Japanese Teahouse Shutter
Accession #: 1928-114-1 shutter
Date: c. 1917
Artist: Ogi Rodo
Materials: Wood (estimated cypress/ cedar); bamboo; ferrous metal nails and hanging hardware
Dimensions: 73” L x 24” H x 1.25” D
This shutter is from the rear window on the north side of PMA's Japanese teahouse. It hangs by two iron rings attached to the top edge of the shutter which in turn hang on iron hooks driven into the stucco of the exterior wall. The shutter has mortise and tenon frame with top rail extending horizontally past the joint at the sides and side stiles extending vertically past the joint at the bottom. There are four vertical muntins that divide the shutter and hold cypress panels which are secured on the outside with nailed bamboo strips. An iron ring near the center of the bottom rail allows the shutter to be held open.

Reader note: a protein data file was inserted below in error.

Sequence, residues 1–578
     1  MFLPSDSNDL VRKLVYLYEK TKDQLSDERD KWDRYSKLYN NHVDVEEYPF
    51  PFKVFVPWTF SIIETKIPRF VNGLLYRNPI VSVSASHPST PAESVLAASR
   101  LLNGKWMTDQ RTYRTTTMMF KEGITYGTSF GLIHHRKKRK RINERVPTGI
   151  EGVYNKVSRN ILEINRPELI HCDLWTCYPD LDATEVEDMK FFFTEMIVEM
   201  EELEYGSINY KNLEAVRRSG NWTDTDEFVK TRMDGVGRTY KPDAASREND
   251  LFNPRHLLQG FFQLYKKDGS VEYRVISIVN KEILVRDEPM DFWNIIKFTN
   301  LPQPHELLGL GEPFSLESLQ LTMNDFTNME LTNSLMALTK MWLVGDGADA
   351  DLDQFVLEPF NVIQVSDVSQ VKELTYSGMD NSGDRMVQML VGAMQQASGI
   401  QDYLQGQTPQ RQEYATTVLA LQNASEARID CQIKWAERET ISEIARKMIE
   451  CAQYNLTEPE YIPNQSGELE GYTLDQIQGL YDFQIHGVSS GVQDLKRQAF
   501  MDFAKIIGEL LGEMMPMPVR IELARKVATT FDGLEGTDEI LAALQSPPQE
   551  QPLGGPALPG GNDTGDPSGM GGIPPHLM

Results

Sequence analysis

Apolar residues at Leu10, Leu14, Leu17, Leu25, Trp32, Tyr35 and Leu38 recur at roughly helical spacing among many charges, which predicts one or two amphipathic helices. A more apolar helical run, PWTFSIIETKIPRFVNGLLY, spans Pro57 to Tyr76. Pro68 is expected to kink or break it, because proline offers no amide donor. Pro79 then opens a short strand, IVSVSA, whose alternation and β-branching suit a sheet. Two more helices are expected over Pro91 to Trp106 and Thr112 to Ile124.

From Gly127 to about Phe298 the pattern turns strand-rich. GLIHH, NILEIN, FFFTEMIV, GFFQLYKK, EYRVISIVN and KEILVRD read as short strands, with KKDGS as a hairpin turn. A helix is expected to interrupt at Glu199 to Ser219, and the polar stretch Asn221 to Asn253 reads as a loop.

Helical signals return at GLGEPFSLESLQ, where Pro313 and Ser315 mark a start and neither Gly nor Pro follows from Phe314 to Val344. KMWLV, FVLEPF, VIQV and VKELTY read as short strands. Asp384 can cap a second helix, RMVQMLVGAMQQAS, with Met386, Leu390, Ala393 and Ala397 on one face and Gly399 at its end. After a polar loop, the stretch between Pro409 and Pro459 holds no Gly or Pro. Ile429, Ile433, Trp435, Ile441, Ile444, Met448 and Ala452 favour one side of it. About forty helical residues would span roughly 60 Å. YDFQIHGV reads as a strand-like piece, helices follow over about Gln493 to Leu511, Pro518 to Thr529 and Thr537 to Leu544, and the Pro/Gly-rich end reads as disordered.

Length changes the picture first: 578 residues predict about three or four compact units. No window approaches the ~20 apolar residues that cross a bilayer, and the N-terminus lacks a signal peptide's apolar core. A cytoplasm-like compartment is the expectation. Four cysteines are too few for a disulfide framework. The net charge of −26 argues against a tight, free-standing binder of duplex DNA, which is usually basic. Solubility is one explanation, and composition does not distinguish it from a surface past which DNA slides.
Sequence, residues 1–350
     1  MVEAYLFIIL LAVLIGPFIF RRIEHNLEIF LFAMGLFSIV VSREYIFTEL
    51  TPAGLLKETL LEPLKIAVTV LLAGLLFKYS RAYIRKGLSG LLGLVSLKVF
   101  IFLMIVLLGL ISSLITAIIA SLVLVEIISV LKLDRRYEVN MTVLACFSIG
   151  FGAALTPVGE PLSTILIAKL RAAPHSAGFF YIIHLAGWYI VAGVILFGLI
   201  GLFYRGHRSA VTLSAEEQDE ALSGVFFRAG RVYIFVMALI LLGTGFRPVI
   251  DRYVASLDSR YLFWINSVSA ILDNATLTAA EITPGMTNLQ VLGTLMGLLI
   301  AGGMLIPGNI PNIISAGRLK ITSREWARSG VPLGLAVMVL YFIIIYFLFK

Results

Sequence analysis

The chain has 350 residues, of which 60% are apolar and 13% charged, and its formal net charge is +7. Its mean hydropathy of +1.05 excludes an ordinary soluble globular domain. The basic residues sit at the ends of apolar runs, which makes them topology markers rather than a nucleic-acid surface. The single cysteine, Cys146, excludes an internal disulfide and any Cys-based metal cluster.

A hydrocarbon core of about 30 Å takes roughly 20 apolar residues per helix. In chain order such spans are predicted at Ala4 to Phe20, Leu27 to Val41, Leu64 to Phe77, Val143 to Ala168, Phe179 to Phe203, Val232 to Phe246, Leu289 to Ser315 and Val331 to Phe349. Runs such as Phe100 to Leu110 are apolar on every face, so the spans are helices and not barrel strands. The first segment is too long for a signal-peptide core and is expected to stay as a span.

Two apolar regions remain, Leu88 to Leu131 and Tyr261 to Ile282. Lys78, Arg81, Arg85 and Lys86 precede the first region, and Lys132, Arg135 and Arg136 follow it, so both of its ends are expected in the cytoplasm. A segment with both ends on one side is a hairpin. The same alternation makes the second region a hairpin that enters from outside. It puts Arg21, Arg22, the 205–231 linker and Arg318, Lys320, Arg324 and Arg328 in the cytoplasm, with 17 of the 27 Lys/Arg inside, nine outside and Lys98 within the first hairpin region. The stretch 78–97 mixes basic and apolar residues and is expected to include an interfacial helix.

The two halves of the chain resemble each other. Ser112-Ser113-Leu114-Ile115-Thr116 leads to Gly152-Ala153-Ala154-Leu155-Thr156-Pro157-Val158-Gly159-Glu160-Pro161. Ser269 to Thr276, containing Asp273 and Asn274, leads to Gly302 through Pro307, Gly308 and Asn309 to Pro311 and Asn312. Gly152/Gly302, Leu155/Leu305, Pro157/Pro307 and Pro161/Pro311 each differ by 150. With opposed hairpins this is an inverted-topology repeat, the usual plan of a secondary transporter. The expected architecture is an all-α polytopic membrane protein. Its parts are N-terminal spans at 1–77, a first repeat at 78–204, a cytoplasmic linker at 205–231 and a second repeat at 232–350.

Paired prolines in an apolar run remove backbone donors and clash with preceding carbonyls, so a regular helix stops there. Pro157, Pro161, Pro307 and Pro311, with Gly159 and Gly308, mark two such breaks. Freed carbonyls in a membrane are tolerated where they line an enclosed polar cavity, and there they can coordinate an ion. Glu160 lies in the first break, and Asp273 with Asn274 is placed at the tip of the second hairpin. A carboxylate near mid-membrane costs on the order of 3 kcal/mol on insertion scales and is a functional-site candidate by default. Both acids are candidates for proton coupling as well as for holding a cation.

The teahouse was designed by architect Ōgi Rodō after traditional Japanese examples and was originally installed at a Tokyo residence. It was purchased by the PMA in 1928 and was installed in the museum’s galleries in the 1950s.
Before treatment, the shutter was dirty and had some minor splits in the wood, a loose mortise and tenon joint, and a misaligned panel. The iron hooks that attach the shutter to the teahouse wall had also come loose, resulting in damage to the adjacent stucco wall surface and disruption of prior repairs. The purpose of this treatment was to lightly clean and stabilize the shutter and to secure its hanging hooks and repair adjacent damage to the tea house exterior wall.
View examination and treatment report HERE